Tag Archives: emile zola

A Symphony of Cheeses for “The Life of Emile Zola”

french cheeses

Cheese in all its incarnations is definitely one of Kristy and Koob’s favorite foods, and France is the home of so many delicious cheeses. But with so many different kinds, it can be a bit overwhelming to choose just one. As Charles de Gaulle once famously said of France, “How can you govern a country which has 246 varieties of cheese”.

Emile Zola captured this sentiment in his 1873 novel “Le Ventre de Paris (The Belly of Paris)”. Much of the novel focuses on Les Halles which was the central market of Paris for many years. While the book is a social commentary on the struggles of the working class and the “fattening” of the bourgeoisie, it is also filled with beautifully descriptive passages of the amazing variety of food found at Les Halles; the most well-known of which is the “Cheese Symphony” which is excerpted below:

All around them the cheeses were stinking. On the two shelves at the back of the stall were huge blocks of butter: Brittany butter overflowing its baskets; Normandy butter wrapped in cloth, looking like models of bellies on to which a sculptor had thrown some wet rags; other blocks, already cut into and looking like high rocks full of valleys and crevices. […] But for the most part the cheeses stood in piles on the table. There, next to the one-pound packs of butter, a gigantic cantal was spread on leaves of white beet, as though split by blows from an axe; then came a golden Cheshire cheese, a gruyère like a wheel fallen from some barbarian chariot, some Dutch cheeses suggesting decapitated heads smeared in dried blood and as hard as skulls – which has earned them the name of ‘death’s heads’. A parmesan added its aromatic tang to the thick, dull smell of the others. […] Then came the strong-smelling cheeses: the mont-d’ors, pale yellow, with a mild sugary smell; the troyes, very thick and bruised at the edges, much stronger, smelling like a damp cellar; the camemberts, suggesting high game; the neufchâtels, the limbourgs, the marolles, the pont-l’évèques, each adding its own shrill note in a phrase that was harsh to the point of nausea; […]
A silence fell at the mention of Gavard. They all looked at each other cautiously. As they were all rather short of breath by this time, it was the camembert they could smell. This cheese, with its gamy odour, had overpowered the milder smells of the marolles and the limbourg; its power was remarkable. Every now and then, however, a slight whiff, a flute-like note, came from the parmesan, while the bries came into play with their soft, musty smell, the gentle sound, so to speak, of a damp tambourine. The livarot launched into an overwhelming reprise, and the géromé kept up the symphony with a sustained note.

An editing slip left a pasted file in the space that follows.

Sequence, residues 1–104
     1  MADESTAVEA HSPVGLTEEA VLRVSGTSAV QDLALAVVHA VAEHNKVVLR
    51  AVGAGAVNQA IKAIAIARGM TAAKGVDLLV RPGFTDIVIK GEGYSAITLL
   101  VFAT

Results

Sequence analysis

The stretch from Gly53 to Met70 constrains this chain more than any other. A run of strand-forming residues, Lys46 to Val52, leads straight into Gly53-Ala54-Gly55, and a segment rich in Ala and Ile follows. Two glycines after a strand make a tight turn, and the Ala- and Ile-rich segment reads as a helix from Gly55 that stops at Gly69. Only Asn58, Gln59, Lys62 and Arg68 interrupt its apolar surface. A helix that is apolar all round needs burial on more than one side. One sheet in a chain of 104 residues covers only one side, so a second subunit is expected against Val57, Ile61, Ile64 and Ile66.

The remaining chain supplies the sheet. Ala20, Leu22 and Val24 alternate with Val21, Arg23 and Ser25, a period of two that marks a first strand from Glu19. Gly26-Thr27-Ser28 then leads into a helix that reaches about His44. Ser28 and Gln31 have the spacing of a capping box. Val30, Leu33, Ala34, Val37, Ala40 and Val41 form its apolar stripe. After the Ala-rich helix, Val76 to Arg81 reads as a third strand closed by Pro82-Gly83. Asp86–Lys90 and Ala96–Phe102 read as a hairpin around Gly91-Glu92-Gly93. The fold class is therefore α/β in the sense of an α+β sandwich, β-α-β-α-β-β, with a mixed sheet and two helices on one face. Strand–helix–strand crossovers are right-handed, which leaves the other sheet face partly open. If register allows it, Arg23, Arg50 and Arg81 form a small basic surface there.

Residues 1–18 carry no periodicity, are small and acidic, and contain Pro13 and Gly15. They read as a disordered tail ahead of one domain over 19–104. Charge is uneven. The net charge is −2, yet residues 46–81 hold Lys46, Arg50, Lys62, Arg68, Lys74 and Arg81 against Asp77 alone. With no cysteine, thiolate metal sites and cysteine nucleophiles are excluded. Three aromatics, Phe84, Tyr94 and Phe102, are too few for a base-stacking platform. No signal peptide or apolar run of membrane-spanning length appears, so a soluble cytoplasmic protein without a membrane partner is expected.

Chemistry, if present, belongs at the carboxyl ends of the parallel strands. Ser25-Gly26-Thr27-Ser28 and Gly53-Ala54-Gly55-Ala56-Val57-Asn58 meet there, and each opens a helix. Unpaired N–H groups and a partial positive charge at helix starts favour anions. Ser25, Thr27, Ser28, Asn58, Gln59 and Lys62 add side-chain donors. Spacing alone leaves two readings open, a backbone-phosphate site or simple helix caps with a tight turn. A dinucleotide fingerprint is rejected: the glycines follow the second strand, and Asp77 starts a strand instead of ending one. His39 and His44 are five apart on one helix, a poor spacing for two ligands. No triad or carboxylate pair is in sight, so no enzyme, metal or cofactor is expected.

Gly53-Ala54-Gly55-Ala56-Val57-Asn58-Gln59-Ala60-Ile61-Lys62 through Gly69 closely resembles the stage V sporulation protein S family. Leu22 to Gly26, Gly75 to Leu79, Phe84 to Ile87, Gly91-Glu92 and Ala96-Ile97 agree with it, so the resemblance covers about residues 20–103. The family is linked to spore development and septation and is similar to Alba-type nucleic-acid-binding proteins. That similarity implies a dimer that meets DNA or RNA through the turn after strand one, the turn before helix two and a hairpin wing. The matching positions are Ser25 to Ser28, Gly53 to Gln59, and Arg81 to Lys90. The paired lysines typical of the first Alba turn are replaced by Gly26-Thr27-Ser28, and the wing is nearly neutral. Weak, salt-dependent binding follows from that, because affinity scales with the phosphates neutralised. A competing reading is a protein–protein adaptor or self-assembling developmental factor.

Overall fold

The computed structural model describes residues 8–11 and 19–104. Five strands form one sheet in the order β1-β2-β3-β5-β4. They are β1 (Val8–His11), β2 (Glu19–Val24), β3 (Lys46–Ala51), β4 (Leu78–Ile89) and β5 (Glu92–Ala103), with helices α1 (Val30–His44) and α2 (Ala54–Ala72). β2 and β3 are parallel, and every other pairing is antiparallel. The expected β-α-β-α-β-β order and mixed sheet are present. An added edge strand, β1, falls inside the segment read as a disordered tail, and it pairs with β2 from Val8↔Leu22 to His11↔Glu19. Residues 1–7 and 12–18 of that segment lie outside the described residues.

( The Belly of Paris, by Émile Zola, Oxford University Press, translated by Brian Nelson, 2007, p210-216)

So grab yourself some brie or some roquefort or some camembert (personally, we say the stinkier the better) and enjoy “The Life of Emile Zola” while creating your own cheese symphony.

Tagged , , , , , ,

The Life of Emile Zola: Best Picture Winner – 1937

zola_1902b

The Basics – The Life of Emile Zola (1937) – Director – William Dieterle; Paul Muni, Gale Sondergaard, Joseph Schildkraut; Run Time – 116 mins. – Biography, Drama – “The biopic of the famous French muckraking writer and his involvement in fighting the injustice of the Dreyfuss Affair.”

Prior Knowledge

Kristy – The only thing I know is that Emile Zola was a well-known French author and activist.

Koob – The only knowledge that I have of this movie was what I read on Wikipedia about Emile Zola; that he was a French writer and that he wrote “J’accuse” and was involved in the Dreyfus Affair

Fun Facts from IMDB

The film was shot in reverse order; Paul Muni grew his own beard for the role, and it was trimmed and darkened as he proceeded to scenes where Zola is younger. His makeup took 3-1/2 hours to apply each morning.

 Studio boss Jack L. Warner, who was himself Jewish, personally ordered that the word “Jew” be removed from all dialogue in this movie, apparently in order not to offend the Nazi regime and hurt business for the film in Germany–this according to Ben Urwand in his controversial 2013 study, ‘The Collaboration: Hollywood’s Pact With Hitler’.
This was the first film to receive 10 Academy Award nominations.

Considered highly contentious in France, the film wasn’t granted a proper release in that country until 1952

Viewing Source – Amazon Instant Video ($2.99 rental)

Post Viewing Responses

Ratings (with 1 star = the worst and 5 stars = the best)

Koob: 2 stars

Kristy: 2 atars

Double Gobble Score: 2 stars

The Takeaway: A fairly standard biopic with some solid acting and an interesting history lesson.

Tagged , , , , , ,
%d bloggers like this: